Drowning in Research Reading? AI Could Help | INSIDE HIGHER ED

‘(It) could potentially be used by journalists to help communicate complex research to the public, though the authors say they aren’t going to be putting journalists out of a job any time soon.

A new algorithm for summarizing text could make piles of information easier to absorb, reports INSIDE HIGHER ED.

  • Distilling texts is complicated for machines because typically they can’t retain context over long passages.
  • This new algorithms uses a new approach. It looks for patterns between words all the way through a document and knits them together. Researchers call their method RUM, for Rotational Unit of Memory. The name describes how meaning is drawn from around a document, like how a sweep-hand works on a clock.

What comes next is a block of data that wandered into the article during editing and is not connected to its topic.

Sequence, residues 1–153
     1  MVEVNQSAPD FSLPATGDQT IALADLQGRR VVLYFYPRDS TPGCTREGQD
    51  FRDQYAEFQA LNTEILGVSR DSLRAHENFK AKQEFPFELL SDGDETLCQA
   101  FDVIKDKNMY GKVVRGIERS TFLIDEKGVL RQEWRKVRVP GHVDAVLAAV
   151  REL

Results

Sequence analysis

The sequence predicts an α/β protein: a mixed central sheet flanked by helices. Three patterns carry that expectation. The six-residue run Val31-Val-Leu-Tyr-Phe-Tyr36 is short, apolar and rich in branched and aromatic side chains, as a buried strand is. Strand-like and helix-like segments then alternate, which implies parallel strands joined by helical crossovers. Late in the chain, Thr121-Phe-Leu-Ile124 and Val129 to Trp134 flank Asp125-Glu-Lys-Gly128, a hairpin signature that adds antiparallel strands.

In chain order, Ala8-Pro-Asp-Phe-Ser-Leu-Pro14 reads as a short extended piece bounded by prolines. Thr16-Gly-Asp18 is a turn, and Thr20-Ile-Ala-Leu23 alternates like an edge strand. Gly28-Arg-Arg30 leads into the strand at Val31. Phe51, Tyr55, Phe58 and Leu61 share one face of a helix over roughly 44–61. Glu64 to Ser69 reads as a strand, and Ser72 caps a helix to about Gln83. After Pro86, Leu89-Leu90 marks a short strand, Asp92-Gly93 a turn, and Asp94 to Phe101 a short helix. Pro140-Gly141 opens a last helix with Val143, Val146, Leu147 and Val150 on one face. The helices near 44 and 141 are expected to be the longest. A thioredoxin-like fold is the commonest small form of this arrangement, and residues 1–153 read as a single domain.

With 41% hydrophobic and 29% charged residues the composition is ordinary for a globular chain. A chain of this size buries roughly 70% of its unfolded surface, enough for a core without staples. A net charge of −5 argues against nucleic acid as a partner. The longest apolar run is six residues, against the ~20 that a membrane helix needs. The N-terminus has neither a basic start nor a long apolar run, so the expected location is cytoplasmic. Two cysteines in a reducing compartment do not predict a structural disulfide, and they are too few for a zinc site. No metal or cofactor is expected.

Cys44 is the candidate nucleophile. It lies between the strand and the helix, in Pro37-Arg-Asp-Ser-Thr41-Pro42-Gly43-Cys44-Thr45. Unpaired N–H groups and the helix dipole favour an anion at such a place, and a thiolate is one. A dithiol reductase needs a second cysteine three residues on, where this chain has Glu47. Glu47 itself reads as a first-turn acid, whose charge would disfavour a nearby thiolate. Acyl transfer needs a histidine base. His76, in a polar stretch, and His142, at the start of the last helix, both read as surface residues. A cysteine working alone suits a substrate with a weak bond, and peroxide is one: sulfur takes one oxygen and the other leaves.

• The research was done at MIT.


  • Unlike many systems that use a kind of ‘cut-and-paste’ approach that reduces the number of existing words, RUM appears to generate new sentences while retaining original meaning.
  • These are preliminary results and only indicates new research directions.
  • Future iterations could be valuable for journalism. Think of applications in radio newscasts, digital signage, and aspects of daily news.
  • Many forms of automated summarization today are limited to shorter documents or structured data.


Drowning in Research Reading? AI Could Help
INSIDE HIGHER ED | May 14, 2019 | by Lindsay McKenzie

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